Fig. 2
figure 2

a Plasma kynurenine to tryptophan ratio and b sum of metabolites to tryptophan ratio in TB participants compared to that in controls at each visit. The bars represent the median with error bars indicating 95% confidence interval. The p values were calculated using Mann–Whitney test

Fig. 3
figure 3

Concentrations of tryptophan and kynurenine metabolites in plasma from TB patients and controls at each visit. The bars represent the median with error bars indicating 95% confidence interval. The Y axis scale differs between the metabolites

In addition, we conducted a sensitivity analysis which excluded the 3 TB participants with poor treatment outcomes. This sensitivity analysis gave similar results: at the time of TB diagnosis, the K/T ratio was significantly higher among participants with TB (median, 0.097; IQR, 0.070–0.127) compared to the controls at the corresponding visit (0.055; IQR 0.045–0.064; p = 0.004) (Fig. S2).

The plasma K/T ratio was associated with clinical response after TB treatment

The majority of participants who were treated successfully had significantly decreased K/T ratios after TB treatment (Fig. 4a). For these, at the time of TB diagnosis, the median K/T ratio was 0.064 (0.049–0.096) compared to 0.057 ((0.053–0.734), p = 0.017) 6 months post treatment (Fig. 4c). In contrast, the three participants who experienced treatment failure had higher levels of K/T ratio as well as lower levels of CD4 blood cell counts after TB treatment, compared to at diagnosis (Fig. 4b).

Fig. 4
figure 4

a The plasma K/T ratio after TB treatment in participants who were treated successfully. b The plasma K/T ratio and CD4 count of the participants who had treatment failure. Each dot or line represents an individual. c The median of K/T ratio at the time of TB diagnosis compared to 6 months post treatment among TB participants who were treated successfully

Correlation between K/T ratio and clinical variables

We analyzed the correlation of plasma K/T ratios with clinical variables of TB patients and controls. Plasma K/T ratios showed a parabolic correlation with CD4 cell counts in participants with TB (p = 0.005), but there was no correlation in controls (Fig. 5). There was no correlation between plasma K/T ratio and BMI in either group.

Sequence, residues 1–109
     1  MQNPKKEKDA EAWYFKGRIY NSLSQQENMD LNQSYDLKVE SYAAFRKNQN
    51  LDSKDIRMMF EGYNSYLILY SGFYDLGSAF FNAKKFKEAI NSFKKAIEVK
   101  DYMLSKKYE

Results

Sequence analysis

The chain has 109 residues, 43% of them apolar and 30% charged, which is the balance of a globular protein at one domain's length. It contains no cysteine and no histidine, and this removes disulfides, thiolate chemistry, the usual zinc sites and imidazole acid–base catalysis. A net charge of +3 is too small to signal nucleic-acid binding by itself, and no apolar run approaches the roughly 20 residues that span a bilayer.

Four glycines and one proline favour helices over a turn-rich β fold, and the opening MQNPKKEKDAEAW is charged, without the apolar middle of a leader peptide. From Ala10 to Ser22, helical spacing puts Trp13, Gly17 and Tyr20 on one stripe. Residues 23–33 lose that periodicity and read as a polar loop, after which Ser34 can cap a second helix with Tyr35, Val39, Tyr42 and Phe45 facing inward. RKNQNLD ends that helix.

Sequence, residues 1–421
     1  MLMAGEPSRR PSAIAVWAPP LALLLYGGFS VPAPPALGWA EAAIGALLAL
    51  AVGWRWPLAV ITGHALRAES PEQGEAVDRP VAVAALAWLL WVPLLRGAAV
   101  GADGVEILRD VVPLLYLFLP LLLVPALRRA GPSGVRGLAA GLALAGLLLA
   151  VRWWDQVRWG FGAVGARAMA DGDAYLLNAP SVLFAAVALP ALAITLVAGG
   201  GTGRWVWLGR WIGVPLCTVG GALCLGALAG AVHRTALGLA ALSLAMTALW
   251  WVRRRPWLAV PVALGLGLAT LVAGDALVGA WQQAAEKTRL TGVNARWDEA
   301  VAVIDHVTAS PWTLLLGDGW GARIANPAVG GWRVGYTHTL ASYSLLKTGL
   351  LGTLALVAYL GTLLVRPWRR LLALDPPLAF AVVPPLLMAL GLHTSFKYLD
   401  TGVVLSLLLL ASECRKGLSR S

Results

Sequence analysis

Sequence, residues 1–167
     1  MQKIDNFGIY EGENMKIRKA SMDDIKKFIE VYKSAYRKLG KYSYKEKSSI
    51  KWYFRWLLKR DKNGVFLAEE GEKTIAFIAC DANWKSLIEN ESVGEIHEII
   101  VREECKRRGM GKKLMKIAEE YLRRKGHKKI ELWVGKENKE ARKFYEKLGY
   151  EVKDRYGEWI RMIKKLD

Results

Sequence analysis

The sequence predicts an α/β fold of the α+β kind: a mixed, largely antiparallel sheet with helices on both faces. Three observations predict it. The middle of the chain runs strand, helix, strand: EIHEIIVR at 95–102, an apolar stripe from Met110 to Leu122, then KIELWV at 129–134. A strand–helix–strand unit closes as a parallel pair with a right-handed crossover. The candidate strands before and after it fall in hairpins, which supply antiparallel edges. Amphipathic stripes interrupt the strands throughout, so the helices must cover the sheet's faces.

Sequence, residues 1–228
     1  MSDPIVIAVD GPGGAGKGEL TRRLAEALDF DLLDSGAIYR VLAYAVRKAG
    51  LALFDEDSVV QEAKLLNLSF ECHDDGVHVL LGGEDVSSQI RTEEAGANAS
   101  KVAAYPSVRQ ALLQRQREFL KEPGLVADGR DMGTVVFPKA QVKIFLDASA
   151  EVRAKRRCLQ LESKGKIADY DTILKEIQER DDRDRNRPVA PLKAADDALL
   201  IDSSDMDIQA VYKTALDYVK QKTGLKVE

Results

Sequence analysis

Fig. 5
figure 5

Plasma K/T ratios showed a quadratic association with CD4 cell counts in participants with TB disease, but not in controls. Body mass index showed no correlation with K/T ratio in either group

Diagnostic value of plasma K/T ratio for tuberculosis among PWH

We investigated the performance of plasma K/T ratio to diagnose TB disease in PWH, using both bacteriologically confirmed and clinically diagnosed TB at diagnosis as true-positives. For controls, we used the K/T ratio at the corresponding visit as true-negatives. We found that the K/T ratio achieved an AUC of 0.77 (95%CI 0.60–0.94) for diagnosis of tuberculosis (Fig. 6).

Fig. 6
figure 6

Diagnostic performance of plasma K/T ratio for tuberculosis diagnosis in PWH

According to the WHO target product profile (TPP) for a triage test to identify people suspected of having TB, the minimum requirements for sensitivity and specificity are 90% and 70%, respectively [16]. At a cutoff of 0.054, the K/T ratio provided a sensitivity of 92% and a specificity of 46%. At a cutoff of 0.064, the K/T ratio provided a specificity of 70% and sensitivity of 77%. The minimum WHO TPP requirements for a non-sputum based diagnostic test are 65% for sensitivity and 98% for specificity. At a cutoff of 0.070, the K/T ratio provided a sensitivity of 69% and a specificity of 77%. At a cutoff of 0.098, the K/T ratio provided a specificity of 100% against a sensitivity of 38%.